The 'new' Middle East: the Israeli-Palestinian conflict

The Finnish Institute of International Affairs · 09.10.2006 00:00 - 00:00

Worthy of note with the two presentations was how both speakers saw the centrality of the Israeli policy of unilateralism to recent events in Israeli-Palestinian conflict, but with Dr. Khatib seeing it as the cause of much that has happened subsequently, whilst Prof. Susser seeing it as the outcome of prior events.

Dr. Khatib presentation was pessimistic, stating that the situation has got worse in recent years. The election of the Hamas government is not just an important moment in Palestinian history but also in that of the Middle East, it being the first “Islamic fundamentalist” party, to use his words, to come to power by an election. He argued that Hamas in power was the outcome of the Sharon government’s policy of ignoring the Palestinian Authority (PA) and acting unilaterally. He believes that Israel does not want a functional PA with the unilateral withdrawal from Gaza demonstrating this as it allowed Hamas to claim it as victory strengthening the extremists. The continuation of settlement activity in the West Bank is further evidence of this Israeli strategy in his opinion. Instead both the Palestinian government and the people are becoming more radical, with the economic collapse due to the Israeli blockade being central to this. Dr. Khatib said that many more moderate voices in the occupied territories had believed that the Hamas government would simply fail when faced with the realities of governing – collapsing or being voted out – but the Israeli and international sanctions against the government is actually giving them an excuse for failing to deliver to the people and maintaining their popularity.

Prof. Susser took the opposite view, believing that Israel has a vested interest in supporting the “state-ness” of its neighbours including the PA. Without its neighbours being strong states, chaos on Israel’s borders will continue to threaten Israeli security. Hamas in power in the occupied territories is one indicator of this danger, as is a weak Lebanese state that allowed Hezbollah to become so powerful in the south, endangering Israel’s north. He believes that there is virtually no debate anymore in Israel, and a two-state solution is seen as the only option for Israel and the Palestinians. Israelis realise that if the Palestinians do not get their own viable state soon, the demographic balance in between the Mediterranean and the Jordan river will favour the Palestinians who will then realise they have more to gain in one state where Jews will be a minority. Yet the lack of reliable interlocutors on the Palestinian side has forced Israel into disengaging unilaterally – via the wall/fence in the West Bank and the Gaza evacuation.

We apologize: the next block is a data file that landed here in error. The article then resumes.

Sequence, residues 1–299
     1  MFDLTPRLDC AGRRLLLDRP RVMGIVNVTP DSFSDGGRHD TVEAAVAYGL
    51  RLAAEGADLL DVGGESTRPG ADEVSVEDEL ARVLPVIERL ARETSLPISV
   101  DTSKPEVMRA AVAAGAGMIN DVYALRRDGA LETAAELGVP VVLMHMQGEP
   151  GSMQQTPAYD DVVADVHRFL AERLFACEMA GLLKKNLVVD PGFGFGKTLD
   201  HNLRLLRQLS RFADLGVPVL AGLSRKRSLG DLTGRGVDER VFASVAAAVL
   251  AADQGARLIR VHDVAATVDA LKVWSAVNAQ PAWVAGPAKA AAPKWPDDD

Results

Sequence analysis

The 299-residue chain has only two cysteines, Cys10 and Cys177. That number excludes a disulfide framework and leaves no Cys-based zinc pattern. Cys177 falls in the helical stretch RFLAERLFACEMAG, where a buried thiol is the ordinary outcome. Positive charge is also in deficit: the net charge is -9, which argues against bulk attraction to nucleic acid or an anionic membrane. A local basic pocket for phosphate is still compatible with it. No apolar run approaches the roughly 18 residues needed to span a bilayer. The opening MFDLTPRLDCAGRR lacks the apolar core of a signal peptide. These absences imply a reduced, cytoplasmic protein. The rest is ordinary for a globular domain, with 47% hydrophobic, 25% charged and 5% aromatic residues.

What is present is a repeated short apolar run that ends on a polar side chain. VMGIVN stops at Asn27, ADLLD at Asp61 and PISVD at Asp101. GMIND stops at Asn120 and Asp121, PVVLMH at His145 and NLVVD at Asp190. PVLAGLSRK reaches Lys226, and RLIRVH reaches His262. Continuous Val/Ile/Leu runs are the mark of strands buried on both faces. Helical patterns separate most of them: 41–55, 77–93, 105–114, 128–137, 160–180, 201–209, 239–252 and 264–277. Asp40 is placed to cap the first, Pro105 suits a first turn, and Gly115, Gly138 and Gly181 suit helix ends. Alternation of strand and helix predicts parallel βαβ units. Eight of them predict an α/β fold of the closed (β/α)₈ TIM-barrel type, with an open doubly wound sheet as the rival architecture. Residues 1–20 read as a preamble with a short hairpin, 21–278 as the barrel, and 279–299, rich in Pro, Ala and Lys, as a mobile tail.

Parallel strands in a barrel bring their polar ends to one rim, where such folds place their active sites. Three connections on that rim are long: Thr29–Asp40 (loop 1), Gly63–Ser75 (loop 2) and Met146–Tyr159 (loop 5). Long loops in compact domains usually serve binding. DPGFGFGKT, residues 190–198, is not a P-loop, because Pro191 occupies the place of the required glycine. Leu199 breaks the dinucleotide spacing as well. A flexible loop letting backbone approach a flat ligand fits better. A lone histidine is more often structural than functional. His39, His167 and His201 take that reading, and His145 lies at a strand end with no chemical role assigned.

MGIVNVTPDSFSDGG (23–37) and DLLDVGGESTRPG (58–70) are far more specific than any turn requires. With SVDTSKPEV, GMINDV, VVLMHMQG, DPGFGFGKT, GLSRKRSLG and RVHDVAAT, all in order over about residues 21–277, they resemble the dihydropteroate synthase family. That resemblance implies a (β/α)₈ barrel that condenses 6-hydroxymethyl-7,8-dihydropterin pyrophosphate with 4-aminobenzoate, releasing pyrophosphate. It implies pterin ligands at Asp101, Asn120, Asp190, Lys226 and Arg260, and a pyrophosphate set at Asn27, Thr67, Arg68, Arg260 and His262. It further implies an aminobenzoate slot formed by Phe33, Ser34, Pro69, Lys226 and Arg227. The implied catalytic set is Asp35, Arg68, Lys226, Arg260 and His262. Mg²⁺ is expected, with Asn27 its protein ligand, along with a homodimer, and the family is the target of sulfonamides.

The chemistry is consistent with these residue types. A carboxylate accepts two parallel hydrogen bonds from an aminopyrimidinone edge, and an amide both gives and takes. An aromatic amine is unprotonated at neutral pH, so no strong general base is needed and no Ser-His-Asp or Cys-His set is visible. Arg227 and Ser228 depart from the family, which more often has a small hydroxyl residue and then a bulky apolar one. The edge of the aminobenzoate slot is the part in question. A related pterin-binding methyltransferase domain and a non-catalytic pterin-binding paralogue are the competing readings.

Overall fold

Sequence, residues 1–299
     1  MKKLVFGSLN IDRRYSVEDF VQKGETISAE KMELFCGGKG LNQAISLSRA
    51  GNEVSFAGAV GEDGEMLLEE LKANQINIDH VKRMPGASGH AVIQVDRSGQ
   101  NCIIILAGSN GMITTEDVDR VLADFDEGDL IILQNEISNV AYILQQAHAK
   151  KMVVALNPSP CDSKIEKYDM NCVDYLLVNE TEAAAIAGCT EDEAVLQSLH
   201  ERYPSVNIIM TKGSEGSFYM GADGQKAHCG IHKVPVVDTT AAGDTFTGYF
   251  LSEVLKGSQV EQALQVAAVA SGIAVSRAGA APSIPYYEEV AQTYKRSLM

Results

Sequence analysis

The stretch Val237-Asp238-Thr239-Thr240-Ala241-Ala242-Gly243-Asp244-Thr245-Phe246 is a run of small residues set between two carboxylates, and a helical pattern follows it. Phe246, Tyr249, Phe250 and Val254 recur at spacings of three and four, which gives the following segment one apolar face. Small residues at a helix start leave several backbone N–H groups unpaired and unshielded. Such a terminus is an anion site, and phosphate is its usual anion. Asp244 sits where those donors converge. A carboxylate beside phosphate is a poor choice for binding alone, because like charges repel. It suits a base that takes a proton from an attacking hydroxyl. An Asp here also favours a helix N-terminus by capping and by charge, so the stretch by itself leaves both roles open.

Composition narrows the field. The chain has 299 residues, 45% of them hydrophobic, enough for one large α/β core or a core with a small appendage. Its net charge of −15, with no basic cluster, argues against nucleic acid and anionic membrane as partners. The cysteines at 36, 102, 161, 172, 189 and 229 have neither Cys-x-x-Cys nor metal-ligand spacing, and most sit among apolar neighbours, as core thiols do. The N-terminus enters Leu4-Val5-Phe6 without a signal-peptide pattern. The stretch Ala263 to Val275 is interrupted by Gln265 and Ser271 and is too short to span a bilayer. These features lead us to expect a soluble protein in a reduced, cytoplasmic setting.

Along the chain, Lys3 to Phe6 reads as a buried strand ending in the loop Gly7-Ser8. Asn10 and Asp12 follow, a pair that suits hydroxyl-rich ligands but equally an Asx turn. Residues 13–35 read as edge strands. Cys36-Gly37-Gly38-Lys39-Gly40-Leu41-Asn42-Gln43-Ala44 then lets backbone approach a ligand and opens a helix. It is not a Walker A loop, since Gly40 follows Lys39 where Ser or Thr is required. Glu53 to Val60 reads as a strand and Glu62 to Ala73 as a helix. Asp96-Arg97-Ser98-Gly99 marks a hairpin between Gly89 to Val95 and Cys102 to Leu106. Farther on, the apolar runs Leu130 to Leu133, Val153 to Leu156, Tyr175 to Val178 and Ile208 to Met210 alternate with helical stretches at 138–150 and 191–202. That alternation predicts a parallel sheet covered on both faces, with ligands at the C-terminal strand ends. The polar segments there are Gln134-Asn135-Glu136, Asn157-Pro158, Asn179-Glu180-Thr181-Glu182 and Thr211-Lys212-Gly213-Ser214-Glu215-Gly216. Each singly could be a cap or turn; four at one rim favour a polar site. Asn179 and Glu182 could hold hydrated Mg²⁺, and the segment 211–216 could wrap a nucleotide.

Taking a wider perspective, Prof. Susser made the interesting point that the future of the Middle East will be determined by the non-Arab states who are now the powers of the region: Iran, Turkey and Israel. He points to the Lebanon war of this summer being the first skirmish of this conflict. Hezbollah is essentially a proxy of Iran, and the Arab states, even the “Arab powers” such as Saudi Arabia and Egypt were essentially only spectators to the conflict with no influence over it.